Fri 4 May 2012
For the second time in the 2012 Stanley Cup Playoffs the New York Rangers have an opportunity to put a stranglehold on a series following an emotional Game 3 win. Henrik Lundqvist’s shutout over Ottawa was followed by their marathon victory over the Caps. While Game 4 on Saturday afternoon is not a “must-win” game, it sure can be classified as a “boy-it-would-be-really-nice-win” game.
The sooner the Rangers can wrap up this series, the sooner they can start healing up the bumps, bruises and lacerations that come with playoff hockey. It also gives Brandon Dubinsky and Mats Zuccarello some extra time to recover from the injuries that have kept them out of the lineup.
There has been a lot of discussion centering on does momentum carry over from one game to another. If this game had been played on Friday, we might have had a clearer insight into this debate. As it stands, Saturday’s game won’t settle the issue, but it will lend some insight into the psyches of both teams.
Capitals associate goaltending coach Olaf Kolzig shared his perspective of being on the losing end of a marathon overtime game.
“I haven’t been on the winning end of one of those, so I don’t know how it feels after you win one of those, but I know it’s pretty deflating after you lose,” Kolzig explained to Stephen Whyno of the Washington Times on Thursday.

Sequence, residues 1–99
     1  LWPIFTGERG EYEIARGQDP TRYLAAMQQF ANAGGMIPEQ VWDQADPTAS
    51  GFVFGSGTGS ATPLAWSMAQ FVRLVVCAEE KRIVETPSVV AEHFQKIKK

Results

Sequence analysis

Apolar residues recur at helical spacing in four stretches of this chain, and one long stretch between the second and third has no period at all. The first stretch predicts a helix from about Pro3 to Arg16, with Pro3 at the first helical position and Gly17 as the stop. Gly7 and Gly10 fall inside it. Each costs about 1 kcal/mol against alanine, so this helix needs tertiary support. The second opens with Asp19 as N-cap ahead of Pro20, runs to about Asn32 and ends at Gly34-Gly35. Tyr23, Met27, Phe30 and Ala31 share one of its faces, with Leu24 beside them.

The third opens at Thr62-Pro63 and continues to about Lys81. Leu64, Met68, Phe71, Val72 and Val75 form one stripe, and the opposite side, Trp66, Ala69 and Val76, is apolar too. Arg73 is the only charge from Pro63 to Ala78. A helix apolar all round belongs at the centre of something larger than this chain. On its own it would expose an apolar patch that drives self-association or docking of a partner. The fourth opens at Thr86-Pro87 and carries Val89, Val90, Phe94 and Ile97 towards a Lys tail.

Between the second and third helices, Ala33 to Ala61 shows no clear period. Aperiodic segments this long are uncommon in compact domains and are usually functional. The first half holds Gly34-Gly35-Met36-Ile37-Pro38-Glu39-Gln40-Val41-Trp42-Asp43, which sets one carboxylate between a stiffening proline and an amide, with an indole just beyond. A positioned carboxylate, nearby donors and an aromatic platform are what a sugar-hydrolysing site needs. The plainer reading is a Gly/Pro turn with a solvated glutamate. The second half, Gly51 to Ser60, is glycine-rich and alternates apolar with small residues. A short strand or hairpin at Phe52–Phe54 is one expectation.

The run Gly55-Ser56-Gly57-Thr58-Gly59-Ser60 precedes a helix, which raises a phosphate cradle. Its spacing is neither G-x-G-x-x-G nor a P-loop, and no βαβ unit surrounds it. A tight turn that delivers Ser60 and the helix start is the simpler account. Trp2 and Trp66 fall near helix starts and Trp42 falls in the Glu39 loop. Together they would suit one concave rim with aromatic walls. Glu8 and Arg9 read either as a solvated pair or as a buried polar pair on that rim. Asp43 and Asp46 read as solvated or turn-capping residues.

“Just continue to play the same way. That’s all you can say. You’re going to have games like that. You’re going to have games where your team bails you out. It’s just keeping your emotions in check and playing with a steady level.”
Kolzig not only feels Braden Holtby’s pain, but can top it after suffering a quadruple overtime loss to the Pittsburgh Penguins in 1996.
For their part, the Capitals seemed to realize that what’s past is gone and the important thing for them is to focus on the task at hand.
“It’s a challenge,” Karl Alzner said when speaking to Tarik El-Bashir of the Washington Post following the Game 3 loss.
“But with the two days off, it’s a little easier to forget and focus on [Game 4]. “You replay it tonight; then tomorrow you got to forget about it. You can’t keep looking back on games. If you look back, then you’re going to be playing that game [all over again] in the next one. You have to look forward.”